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HAILROAD ZONE SYSIM.M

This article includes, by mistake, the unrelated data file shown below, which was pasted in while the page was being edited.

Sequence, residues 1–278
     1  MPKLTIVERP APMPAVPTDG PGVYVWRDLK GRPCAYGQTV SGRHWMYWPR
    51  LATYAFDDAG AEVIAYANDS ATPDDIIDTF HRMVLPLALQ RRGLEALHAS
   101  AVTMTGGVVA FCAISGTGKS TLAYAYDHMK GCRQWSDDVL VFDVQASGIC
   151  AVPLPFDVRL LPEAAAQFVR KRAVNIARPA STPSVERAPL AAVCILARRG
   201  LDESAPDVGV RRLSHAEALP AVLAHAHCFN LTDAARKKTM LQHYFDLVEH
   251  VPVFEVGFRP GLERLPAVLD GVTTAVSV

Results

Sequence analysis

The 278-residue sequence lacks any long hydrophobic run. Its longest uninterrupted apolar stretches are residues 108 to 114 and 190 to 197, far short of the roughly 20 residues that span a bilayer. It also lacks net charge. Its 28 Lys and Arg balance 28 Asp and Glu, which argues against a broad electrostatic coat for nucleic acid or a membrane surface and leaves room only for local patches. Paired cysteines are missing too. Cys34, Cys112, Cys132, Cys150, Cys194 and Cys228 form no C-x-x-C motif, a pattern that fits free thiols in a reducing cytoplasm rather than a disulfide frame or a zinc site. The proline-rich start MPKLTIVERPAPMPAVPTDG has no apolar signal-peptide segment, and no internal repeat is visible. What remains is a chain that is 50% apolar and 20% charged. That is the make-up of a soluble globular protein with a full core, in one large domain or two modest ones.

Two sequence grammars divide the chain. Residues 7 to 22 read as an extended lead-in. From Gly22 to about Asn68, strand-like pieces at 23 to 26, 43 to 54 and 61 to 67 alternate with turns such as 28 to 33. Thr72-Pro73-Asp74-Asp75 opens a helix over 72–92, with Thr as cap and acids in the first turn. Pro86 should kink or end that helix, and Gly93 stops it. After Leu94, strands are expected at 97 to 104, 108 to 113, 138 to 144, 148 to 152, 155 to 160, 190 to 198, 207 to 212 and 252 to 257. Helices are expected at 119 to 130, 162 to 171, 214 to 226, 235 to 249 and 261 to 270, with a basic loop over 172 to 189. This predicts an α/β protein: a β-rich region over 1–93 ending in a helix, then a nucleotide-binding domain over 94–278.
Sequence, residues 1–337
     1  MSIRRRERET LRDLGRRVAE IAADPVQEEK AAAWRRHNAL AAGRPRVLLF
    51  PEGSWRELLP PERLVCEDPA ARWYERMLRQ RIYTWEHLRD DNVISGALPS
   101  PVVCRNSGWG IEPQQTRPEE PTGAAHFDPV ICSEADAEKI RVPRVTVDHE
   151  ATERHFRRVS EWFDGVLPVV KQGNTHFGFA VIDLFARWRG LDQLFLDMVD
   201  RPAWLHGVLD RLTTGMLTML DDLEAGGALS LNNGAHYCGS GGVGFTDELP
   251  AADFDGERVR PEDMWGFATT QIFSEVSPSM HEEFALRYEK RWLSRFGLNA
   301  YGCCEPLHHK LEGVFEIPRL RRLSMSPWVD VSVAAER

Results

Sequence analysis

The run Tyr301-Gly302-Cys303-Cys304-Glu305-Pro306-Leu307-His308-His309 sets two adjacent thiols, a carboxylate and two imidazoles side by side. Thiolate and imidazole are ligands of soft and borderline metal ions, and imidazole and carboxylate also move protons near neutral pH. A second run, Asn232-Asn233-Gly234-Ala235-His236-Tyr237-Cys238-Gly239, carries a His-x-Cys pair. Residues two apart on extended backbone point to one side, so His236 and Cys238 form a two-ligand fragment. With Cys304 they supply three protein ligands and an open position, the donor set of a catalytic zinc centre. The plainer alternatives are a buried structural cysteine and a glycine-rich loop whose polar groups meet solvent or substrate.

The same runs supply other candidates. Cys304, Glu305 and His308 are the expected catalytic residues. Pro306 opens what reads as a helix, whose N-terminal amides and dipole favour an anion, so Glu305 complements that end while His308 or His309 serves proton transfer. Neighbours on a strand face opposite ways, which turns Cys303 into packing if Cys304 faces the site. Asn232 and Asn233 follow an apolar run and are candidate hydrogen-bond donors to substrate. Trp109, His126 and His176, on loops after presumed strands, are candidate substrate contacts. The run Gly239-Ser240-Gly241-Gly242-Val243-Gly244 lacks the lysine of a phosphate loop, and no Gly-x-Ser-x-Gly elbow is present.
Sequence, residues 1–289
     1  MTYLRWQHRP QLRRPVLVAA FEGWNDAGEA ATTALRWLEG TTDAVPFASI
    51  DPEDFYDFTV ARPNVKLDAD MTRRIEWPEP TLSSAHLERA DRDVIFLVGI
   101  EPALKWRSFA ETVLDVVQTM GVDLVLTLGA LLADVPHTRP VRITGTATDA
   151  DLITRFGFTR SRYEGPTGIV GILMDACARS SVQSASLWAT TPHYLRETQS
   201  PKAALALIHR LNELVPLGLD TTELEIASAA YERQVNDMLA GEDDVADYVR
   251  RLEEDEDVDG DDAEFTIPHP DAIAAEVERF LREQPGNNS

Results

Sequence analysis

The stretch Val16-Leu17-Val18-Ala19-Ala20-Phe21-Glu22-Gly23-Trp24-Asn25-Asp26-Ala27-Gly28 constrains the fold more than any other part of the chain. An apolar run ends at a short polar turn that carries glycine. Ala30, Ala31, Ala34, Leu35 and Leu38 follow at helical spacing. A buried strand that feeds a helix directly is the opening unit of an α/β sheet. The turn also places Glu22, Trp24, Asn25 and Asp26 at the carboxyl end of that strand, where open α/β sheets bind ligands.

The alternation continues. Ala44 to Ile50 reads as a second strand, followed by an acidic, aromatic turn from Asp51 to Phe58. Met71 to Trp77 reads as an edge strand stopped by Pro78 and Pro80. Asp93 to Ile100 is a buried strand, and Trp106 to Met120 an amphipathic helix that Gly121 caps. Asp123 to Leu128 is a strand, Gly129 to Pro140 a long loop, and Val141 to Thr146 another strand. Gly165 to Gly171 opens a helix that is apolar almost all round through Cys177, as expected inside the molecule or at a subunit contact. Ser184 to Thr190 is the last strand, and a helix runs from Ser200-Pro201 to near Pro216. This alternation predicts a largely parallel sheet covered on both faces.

One.Half the Mileage of the World Found in the United States. Meohanioally They Are Also the Very Beat That Can Be Found. Net Xuehl Apprlenaslen Is Felt Trom the COosoltdbtlon of Lines Into G Oreat Slylems. The United States is distinctively the country of railroads. Its lines, in fact, comprise over one-half the total railroad mileage of the world, says One. a Week. According to the latest computation on the subject the railways of the entire globe measure five hundred and seventy thou sand kllometers, or about three hundred and fifty thousand miles. The United States contributes to this total no less than two hundred and fifty thousand kilometers, or one hundred and sedventy-five thousand miles. This enormous development of rail road transportation and faoilities in onu country is equally distinguished by the practical inventions and improvements which have accompanied it. The Inventive genius of the American people has found a Imitable field in this direction, and it is no vain boast that mechanically the rail:oads of the United States are the best in the world. It is true that differences in the density of population between the United States and the countries of Europe,the longer distances to be traversed by our trains, and other circumstances, create a dissimilarity in the problem to be met. The American engineer and inventor, as well as the prac tical railroad operator, have accordingly solved them in an appropriate manner. Consequently, though Europe has borrowed many appliances and methods from Ameri can railroads, it is seldom that the old world furnishes us with innovations in con nection with our transportation systems. This applies more particularly in the matter of mechanical development. It must be admitted that, especially in the last few years, European examples have had more or less influence upon our rail road legislation and our methods of man agement. A number of measures, includ ing the interstate commerce law and the appointment of state railroad commission ers. involving direct regulation of the rail roads by the authorities, are ,founded on European models. These measures have already profoundly affected rail road methods and management through out the United States, and promise to result is even more serious changes. It is noticeable that the work of consolidating the multitude of corporations which make up our railroad system has been greatly ac celerated. In fact it is the general belief plfthose intimately conservaut with the subject that the tinie is not far distant when a few large concerns will absorb the bulk of the railaond lines and virtually di vide the transportation business of the country among them. At the same time the prospect fails to excite any real appre hension. Subject as the railroads now are tq regulation and supervision, the consoli dation of separate lines cannot fail to in duoe increased economy in operation, and thereby facilitate the tendeney toward the lowering of charges and fares, which is the desideratum for the general public. One of the most strliin- differences be tween the railroads of the Ultited States And those of Europe is found in the relative rates charged for passenger travel and the facilities afforded. It can be stated as a general preposition that the freight rates on our railroad lines are much lower than the average rates in any country of Europe. On the other hand, passenger fares in the United States are higher in proportion than the Euro-ean scale. It is true that, except an Great Britain, the speed of the average passenger train is much below that of even the way trains on our principal lines. And throughout Europe the railroads practice a division of passenger accommodations into classes which would not find acceptance by the American people. Third-class fares tor instance, in France and Germany are won derfully low. But the accommodations, little superior to those of an ordi nary box-car provided with wooden seats, would excite the scorn of any por tion of our traveling public. It is, indeed, the third-class rates of fare which reduce the averages of European' railroad fa es. Considering this fact. as well as the speed at which the average American .passenger train is run, the difference in price is ap parently compensated for. The attention of the public and of rail road men alike has of late been directed to a development in regard to railroad passen ger fares in Europe. This is the so-called Hungarian Zone system of fares. It is a new idea which, put into force on the rail road lines of Hungary soashort time ago as in 1889, has already been adopted in Aus tria and Belgium, and is under considera tion and experiment in other European countries. It consists, in brief, in a divi sion of all the railroads of Hungary, radi ating from Buda-Pesth, the capital, as a center, into sections called zones. These zones, which are about five miles in length at flst, gradually inc-ease until they are twenty to-twenty-five miles long on the extreme borders of the country. Pas senger rates from points within a given zone to other points are made, not by the actual distances, but by the number of zones to be traversed, each fraction of a none being ch:arged for as a full one. The ysetem in effect produces a constantly dim i.tishing rate per mile in proportion to the distance traveled. The outeome in Hun gary is recorded as being of the most satis factory character. The decrease in the average of passenger charges was 40 per cent, but the total revenues of the railroads from passenger traffic increased 17 per cent and the number of passengers carried was more than doubled. Various propositions have been made to introduce the zone system on American railroads. To test it, however, would re quire the voluntary action of the railroad corporations, and as yet no definite steps have been taken in this direction. At the sanme time the public, particularly at the west, regard the system with more or less favor, and efforts are on foot to force the zone system on the attention of railroad managers. It is urgred that the division of the railroads radiating from local centers like Chicago. Kansas City, St. Paul and other points into zones on the Hungarian plan, and the regulation of fares on that basis, would result in a substantial increase of travel, to t he advantage of both the rail roads and the public. HIS LARIAT SAVED HER. A Pileasing Tale of a Cowbnoy's Prowess anti Presence of Mind. Among the tales of the.round-up of cat; tie west of the Missouri river that have drifted into the border towns is one with a flavor of romance, says a Chamberlain, S. D., dispatch to the New York World. When the cattle men had cleaned up the reservation and closed the Cheyenne the camp was visited one evening by a party from a neighboring ranbch, one of whom was a chbarmring young girl from the east. Miss Lettie Barton. She was delighted at the novelty of the scenes at camn, and readily accepted an invitation from Alex. Kenyou, one ,f the outfit, to take a canter over the bluffs to the iiver. They were nearingl the blaruffs when sud denly a bieck steer rushed out froma alump of bushes. The horse which the young lady rode took fright, beeame numnlanageable ind bounded sway toward the river. Ken yon tried in vain to ovea, take her and grasp the rein of her hotee. His borse's best efforts could not bring him near enough to sconmplish the feat. As tihe two horses r ie d.hdup the blun a sheer precipice fringed with tsrelto I appeared a few'rcd ahe but Keinon, W ho had anelpsted the dan. r,! qnq y lipsd in hise erse and swung ( ti tsati ; iaii odt 'iis held sent It, coil hiob Apille about the shoulders of the frightened girl. The cowboy's hoere reared back he op ttlghtened and the girl was ipA fromi thel saddle and drawn to the allll ie prairie d. The girl, half oe i e,.wa bornae back to camp b her cavalier, who was prouder of his exploit than the cowboy who beat the ateerroping record last year. The riderless ho.se plunged over the priclpioo and was killed. Mildew. Nery few persons seem to know there is a perfectly easy and simple way to' remove mildew steins from cotton and linen goods says the New York Ledger, Most house keepers use buttermilk, lemon juice, chlo ride of lime and similar articles, placing the discolored fabrics in the sun or on the rass-plot. Such agencies however, are of ittle value, and are likely to succeed only when the stains are recent and not at all dark. Mildew may be completely removed with out injuring the fabric, which will be all the whiter and clearer for the process, To ope pint of soft soap half a pint of water and a teacupful of common salt. Beat this together until thoroughly mixed, then rub and squeeze the compound into the fibers of the cloth, and spread upon the goods any that remains. Place the article on the grass in the sun, and with a sprinkler keep it quite damp until all traces of mildew have disappeared. Do not water too freely as this would wash the preparation out of the fabric before it could remove the stains. In very obstinate cases it may be neces ary to o take up the article, wash it, and make a second application. While it is better to apply the bleaching preparation at once, it has been found efficacious in stains of long standing, even when the article has been Washed repeatedly. Excurslen rates to California. On the 15th of each month the Northern Pacific railroad will sell round-trip tickets to California points as follows: Helena to San Francisco and return, go ing via Portland and returning same way, $75. To San Francisco, going via Portland and returning via Ogden and Bilver Bow, $90. To Los Angeles, going and returning via Portland, entering ban Francisco in one direction either going or returning, $89. 'lo Los Angeles, going via Portland and San Francisco, and returning same route, $93. To Los Angeles, going via Portland and San Francisco, returning via Sacramento and Ogden, $99.50. Tickets will be limited for sixty days for going passage, with return at any time with n the final limit of six months. A. D. EvDGA, Gen. Agt.. Helena, Mont. CnHs. S. FEE, G. P. & '. A., St. Paul, Minn. CARTERS Sick Headache and relieve all the troubles incl dent to a blionus state of the vystem, such as Dizziness, Nausea. Drowsiness, Distrea.s after eating Pain in the Fide. &e. While theirmost remarkable auccess has been shown in curing Headache, yet CArTeP's LIrtrL. LIVER P:LTe are equally valuable hI ('onrstapation, curing and preventing this anln.,ing cannplalr., while they also correct all disoirders of the stomach, stimulate the liter er.d regulate the bowel' Even if they only cured HEAD Ache they would i[. alm.nt 'ricless to those who suffer from this lc.triing complaint: but fortnantely ithir 1c,,u-o.r does not end here, and those who onc tryl them will find these little hills v'l,:,thl, in l , many ways that they will not be willing to-do without them Sut after all sick head ACHE is the bane of so many live that here is where we make our great boast. Our pills cure it while others do not. CARTenR' L.rr.Tr LIVER Plr.ts are very small and very easy to take. One or two pills make a dose. They are strictly vegetable and do not gripe or purge, but by their gentle action please all who use thorn. In vials at 25 cents; ve for $1. Sold everywhere, or sent by mail. CAIBTUE, IEDIOIE CO., New York. IINNEAFPLIS & ST. LOUIS SRAILWAY, " -AND THE " FAMOUS ALBERT LEA ROUTE. Through Trains Daily From St. Paul and Minneapolls 4 e * TO CHICAGO Without change, conneeting with the Fast Trains of all Imes for the EAST AND SOUTHEAST. The Direct and Only Line rancing Through Cars between Minneapolis and Des Moines, Iowa, via Albert Lea and Fort Dcdge. .Solid Through Trains Between MINNEAPOLIS and ST. LOUIS and the principal cities of the Misesiippi, and onneoting in Union Depots for ail points Beath and Southwest. Many hours arved, and the only line running two trains Daily to NAKSS AB cITY LEAVIN WORTH, ATCI ISON, mnking coaenetion with the Union Pacifie and Atchison. Topeka & Santa I. railways. Ciose connections mndo is Union DIepot with all trains of the St. Paul. Minneapo lis & Manitoba. Nortlhera 'Pacifio. St. Paul & Duluth Railways, from ad to all pointl North and Northwest. REMEMBER I The trains of the Minneapolis & Bt. Louis Rail wars ere composed of Comfortable Day C'onscl . Malgifccent Pullman ileeplng Cars, Iorton Be clining Chair Cars, and our justly oelebrated PALACE DININt CARI. 150 lbs, of Baggoeg checked FREE. Fare al ways as low as the lowest. For 'rime Tables, Through 'ticketr. etc., call upon the nearest ticket agent or write to C. M. PRIATT. sGeneral Paseonger and Ticket Agt.. Minneapolia. I SMOKE AZEL KIRKE cIIRS I If you want the best. They have been in the market thirteen years, and are BBETTER TH7IN E\LER TO-D1Y. W. S. Conrad, St. Paul, Distributing Agent. S. Ottenberg & Bros., New York, the Makers. -.. -CHAS. BASWITZ, SOLE REPRESENTATIVE FOR MONTANA.- FIORi SALE EVIEIYWHIERIE. GR. . GOlODHART, .he Examiner and Contracting Senior Physioan of the Celebrated and Renowned DR. IlEBIQ & GO. Liebig World Dispensary, KANSAB CITY, BUTTE CITY and SAN FRAN CISCO, Has Office and Private Rooms for Free Gonsultation -AT THE Merchants Hotel, Helena, August 1st to 7th. Private Office: Room 15. FW CALL EARLY .-EA a. Oioe.s will be Crowded the Last Day. Special Treatment for and Wonderful Cures made of all CHRONIC, PRIVATE AND WASTING DISEASES, Sye, Ear, Nose, Throat. Blood and Skin, Liver and Kidneys, Gleat, Stricture, Varioooele, Hydro eele, Loss of Vitality, Seminal Wekness, Nerv cnu Debility and Premature Decline in Young, Middle Aged, or the Old. Brace-, Appliances, Trusses, Elaetio Stockings for Varicocole condi tions. Apparatus for all deformities made for each and every case. This will be a rare opportunity to consult the sld deotor. .A n: qUARRTER tun near what OF F now Baker City, a CE TURY become identified with the resources a nd n development ofthat country. This man AGO is no other than Mr. John Stewart, one of the wealthiest and most influential citizens in the county. In a recent letter he says: "I had been suffering from pains in my back and general kid ney complaint for some time, and had used many remedies without any but temporary relief. The pains in my back had become so severe thatI was prevented from attending to my work and could not move about without the use of a cane. Hear ing, through a friend, of the wonderful cures ef fected by Oregon Kidney Tea, I was induced to ttl a box, and from that very first dose Ifound instad relief, and before using half the contents of the box the pains in my back entirely disappeared. I have every faith in the virtues of the Oregon Kidney Tea, and can conscientiously recommend it to my friends. I would not be without it for anything." Oregon Kidney Tea cures backache, inconti nence of urine, brick dust sediment, burning or rci fulsesntsation wi:il: uri:nTe 'c. , nd all affec THE CHICAGO, MILWAUKEE & ST. PAUL R'Y. Is the Fast Mail Short Line from St. Paul and Minneapolis via La Crosse and Milwanu kee to Chicago and all points in the East ern States and Cangda. It is the only line under one management between St. Paul and Chicago, and is the Finest Equipped Railway in the Northwest. It is the only line running Pullman Drawing-room Sleep mn oars with luxurious smoking-rooms, and the finest dining-cars in the world, via the famous "River Bank Route," along the shores of Lake Pepin and the beautiful Mississippi river to Milwaukee and Chica go. Its trains connect with those of the Northern lines in the Grand Union depot at St. Paul. No change of cars of any clasp between St. Paul and Chicago. For through tickets, time tables, and full information, apply to any coupon ticket agent in the northwest. To Chicago in Less than 14 H1on0 --. VIA - -t= NORTHWESTERN LINE C. St P. I. & O. Ry. C. & N.-W, Ry. The Shortest and Best Line From St. Paul to Chicago, Sioux City and Omaha. The only Line rumnning al. its Paseer LTrains In less than 14 hours labetween St. Pal and Chi tago and while this timel is quick, trains do not have to ran at as high rate of speed to mans their times as on other linoes, beause this lin Is absorter than any otheN line 'lao PalUman and Wainer Vestibuled Limit ed," ieavin St. Fal at 1:St P. M., makes the trip to Crhicago in 111i hours, roturing in 1 hours and 2l minutes. ~'The Daylight Exnreee," leaving Nt, Paul at 7:45 A. M. makes the trip to Chicag;o ir, 11 hours and 15 minutes, returning In 1 hour. and i minutes. This Is the only line by which conneotiona are assured in Chicago with all fast line trains from Clhicago to the east and south in the morninl and at night. Close connections are made at St. Paul with Northern Psefic and Oreat Northern trains, For rates, mp1ps. foldere. etc.. apply to C. F.. TINLING. General Agent. Dailey Blocr, No. 18 N. Main St., htelena, Moot, T. W. T,' sDAoA,T, Ban. Pe. gent. lt. Paul. MiAn. NOTI('I; OF l)IB8(.hIT~ION OY ()CO-PAlO'' ilting between W. (. lI)ougiterly annI 1). W. An drowe, untnnle tini' firrun nsl:o of W, (ii D)outghnrty & Co. is thins day diesolved by mutiltti oonnnnt. I'otlh Isartis' will act in tht settltnn:ut of the business of tine leto firml. W. (4. It)tUGlflhliTY elelona Mont., June 20,l1WI. THE NEW YORK DRY GOODS STORE' . AUGEUST SPEGIAL.TIES • • 26 Dozen Gloria Silk Umbrellas Sold in Ten Days! BUT ANOTHER CONSIGNMENT IS HERE! Numerous customers have requested us to duplicate our grand special drive in Gloria Silk Umbrellas, which has been the greatest hit of the season. Ladies, we have done better---they are here; not a small lot, but oceans of them. Paragon Frames--Extra Fine Silver-Plated Handles, SILK UMBRELLAS,FORMER PRICE $3. NOW $1.75. SILK UMBRELLAS, FORMER PRICE $3.50. NOW $2. SILK UMBRELLAS, FORMER PRICE $4. NOW $2.50. 6o doz. Ladies' Embroidered Pure Linen Hemstitched Handkerchiefs, $z per doz. R - - 25 doz. Ladies' Black Opera and Colored Silk Vests, choice $R each - - IL - - - - One lot Extra Length Ribbed Lisle Vests, 25c. each - - - - ANew Lot of Si Blou.ses CAME TO- DAY A New Lot of Silk Blouses THE NEW YORK DRY GOODS STORE, Cor. Main and State Sts., Helena, Montana HEALTHll IS WEALTHI r Ut A a n a DLT.Ts "oftening or tt.e brain. te3ulting in inanity aind lading to m.iry, ioc er and death. Premature nvme; ntrany Lonsei anrd Ilpetr .orrhna canoed by over-exertirI of tl.e branm. self-abusa or over iodulgenco. Farh box coantains a eonth' treat ment. i1,0 a box, or six boxes for $5.00, rsen by mail prepaid on receipt of price. WVE GUARANTEE SIX mOTTLES To cure any cane. With each order received by no fr six bo.na, accomnpanied by $5.00l, we witl sond the purorhaer ain wrlttn guarantee to re-a fund the money if the tre norr nt doe not effect a rare. Guarcntees irsued ouly by it. it. loarh on & Co., druggirti, oen agenta, r lir.oat, Mont. $500 REWARD. oWe will pay ther ohi reward for any case of liver Complaint. Dr)tpepsia. Sick Iteadaohe, In digeotien. (eonetirIation or Cotivetronl we cannot curu with West'a Vegetable Liver hile, when the direction'* are strictly cemplisrl with '1 hey are turely Vegetable and never fail to give esaisfue tto. Sugatr coated. I argo borxes, containing to Pills, 25 cnits. iware of counterfeit anod imnitation. The goenine anufotlrr inme only by THE JOnr C. Wo T COMPANYo. Chicaor. It. Btold by it. M. Parchen & Co., druggists, Hlelena. ASSE i MEN'T ' NOTICE-OFFiCE OF CA0 Srcado Land company, room I, Power building. Notice in hareby given that at a roegular monthly meeting of tlre trjusteoes of add comtany, held on the 8th day of I ly, 91, hl.so eseossrnt of ton (101 cOlents per sale wais levied nmon t r capital stock of the ta- eale Land company, psyabtle on the 10toH dy of August. 191, to it. lrownr, ecretiry of c-ail iomrtany,. at thie rompn l n olice, rionl 1, Power buhling, in thf city of Helenan, Mllrtana. Airn stock nro'l which asseotrent s'tall remain unpaid on the irnt tiay of e itermate. , 18.1, shat. be drrmed do.lni.ent, anrd irultl be duly ariver tisrd lor sale at public auction. and nltess pay ment shall be made before, will tie scli on the lot day of (tctobor, 1891, to pay drlinqrent assess. moet. tegt'er with the cost of arlverining and expenses of 1a0t. BM . BROWN, Secretary. Helena. Montana. July. 8 t1891. rinistratoe. of the etate of lenjamte n i. BroIce, dereared, to thJ creditors of, and all -crsons hav ihg claims against tihe said r-cetr id to exhibit thrn ,ith thre necesmsary vonrehIrt, within ter months after the first p hbli-arion of this nitie, to lt t aid adriniotratoroat ttie tio of \ illiamo Hilut hil a Powerr block,} t.re rre bing the rla0e for thlr transactIon of thi e busirelt orf Caid es:at-., at the city of Helena, in the county of Lewis aird 'larke. WM. MUlti. II. M. I'AItCHEN tSAlt:Al J. IiRlltktl-. Administrators of t.e oiltate of I enlamirin C. i'rookr. deceased, Itttarol Jrrlty i. A. it. 1t91. THE RUN Fast Trains with Pollman Vestbuled Drawi . omn BSleepers Dining Cars and B osocbe o latest design, between Chicago and Milwaukee and St. Paul and Minneapolis. Fast Trainswith Pullman Vestibuled Drawi n Boom Sleepors, Dining Cars and Coaches of latenstdesign, between Chicago and Milwaukw e and AhManad and Duluth. Through Pullman Vestibuled Drawing oosm and Colonist Sleepers via fhe Northern PaRcfiy Railroad betwer:n Chicago and Portland. Ore. Convenient Trains to and from Eastern. West ern. Northern and Central Wisconsin points. . fording unelqualled servics to and from Waane. shi, Fond du Lae, Oshkoeh, Eau Claire, Hunr!ey Wis., and rosnwtod and Bessemer, Mich. For ticket., sleeping-car res.rvation, time ta bles and other information, apply to agents of the line, or to ticket agents anywhere in the United States or Canada. S. r. Ainslio, Gen'i Manager, Milwaukee. Wi. .. M. Hannaford, General Tratic Manager. t t. Panul, Minn U. C. Barlow, Traffic Manager, Milwaukee; W.bi Louia E.o ktein, Lst, Gen 1 Pu'r Ag't.. Milwaiuke. Wi. THE GREAT NORTHERN RailvJa' Line. Montana Central Railway. Gret Northern Railway, Eastern Railway of Minnesota, Wilmar and Sioux Falls Railway. Duluth, Watertown & Pacific Ry. STHE GREAT'THROUGH SYSTEM!: A solid through train of Sleepers, Dining ('ar, Day Cuiches and Free Colonisd Sleepers to Minueapolis. Pt P'ul, Du lath, Weet Superior and Sioux City. Clove connections for Chicago, New York. Boston and all Eastern Cities. Until further notice Trains will run as followa ARRIV. ALL TRAINS DAILY DtrART. 11:00 a. m. ..Atlantic fExprvss... 111:10a. m, 2: p m. ai r .., :1 p. m.s P m 6:40 p. m. Ielena A Butto I oral I 8.0 t M. Sileeping car berth tickets, time tables. .W.. at Dept and City Tieket Ofice,. No. 0. North Main street. t:. \W, Prrs. (City Ticket Agent. If. H. LIANtLY. C. P. P '. Agt. M. C. ll'y. ECEIVER'8 BALE--NOTICE IS HEREBY Silroen that the ndersigned reeiveantsr by irtll sell at decree made and entered intohe United statee tireait court, of the Ninth Judicial circuit in and "r the district of ontanacl. on Wednesday, Jly .l the0, in which Gilehrist Brothers o Edpartare That certainst railway kelenown Hot as therings lena, mel oer Kailroad company, t al. defendants, will sell at public auction, to the hiBhest bidder, on the ist dan of September 1891.'at the north door of the aohrt house, in the county of Lewis and Clarke, eattof Montanio, at 1a o'clock m. ofcidty , with alri th lands, tenementeres and oheptredltent s l suirt to the following described properto tof wit: Thalt certain riailway known as the Helenal Hot uprinits and exmeltions of sa railroad commencing on the b.ondary line between the Broadwater Hot r binge Hotel property7- and the premises ofthr pny appertaining to the running thence inian eaterly direction to, adn ing thero othe city o Hel,"ua. to the Northern Pacific depot Togethe with all the lands, tenements and hereditrahcntas ciquired or appropriated for cks right of way dof rosaid railrotio and branche. And ell the eands, ste mentri, warehous liberties, hop. machi franc house, ir munities and exemptions of sid railroad corm nit appertaining to the own, machinery, oining, olerating, using sea enjoying the same; tougthr with all the railroad tracks, right of way, depo grounds, station ground and other lands, streo tures, station honse, engine house, oar hono, fuo' housel, warehouses. shops, machine houses, turn tables, snperstructures, rolling stocks, cars fur niture. tools, implement, machinery, ofr sti railroad company, and all other property,real, personal and mixed. Written bids will also be received by the under signed for said property, which said bids will be oliend at the place and upon the day of sale and openly read as the bids of parties making the same. The sale shall be made subject to the ap proval and confirmation of the above named court. The property will not be sold for less than $8.500, of whic'h sum at least $11,000 shallbe paid in cash, anl the balance may be raid in eaz anl nine monthb, secured by a mortgage lien upon the property, or such other security as may he approved by tlhe court; a:.i deferred paymeni bearing interest at the rate of eight per cent pd annum. WILLIAM HL CLA.K, Rec.iver. ,OTICE Or APPLICATION TO CUT TIMBtER --n accordance with the provisions of section 8, rules and regulations prescribed b the honors'. ble secretry of th interior, May , 1891, I, the un deratined,hereby give notice that at the expiration of twenty-one days from the first publIcation of this notice, 1 wll make written aupplication to the honorable secretary of the interior for asy thorlty to cut and remove all the merchantable saw-los pine, fir and tamaurack timber on the ollowing described public land, to wit: Being a certain pilce of unausnrveyd land lying north of sections 19 and 0, tp. 11, n. r. 21 w. and running north from said sections about onet and one-half miles to base of mountalu, contaitning about two thousand acres and having thereon ,000.000 feet of pine, fir and tamarack timber; said land is rocky benches and not adapted to a, riculture. anti located in Missoula county in tae state of MontanUa. MONTANA LUMBER AND M'F'O. 00. WILLIAM THouPsore, Manager. Fist publleation June 19. 128t1. S-kDealor i MARBLE * -AND* * GRANITE MONUMENTS - ,-ND. Headstones. ILawSA. - - Most.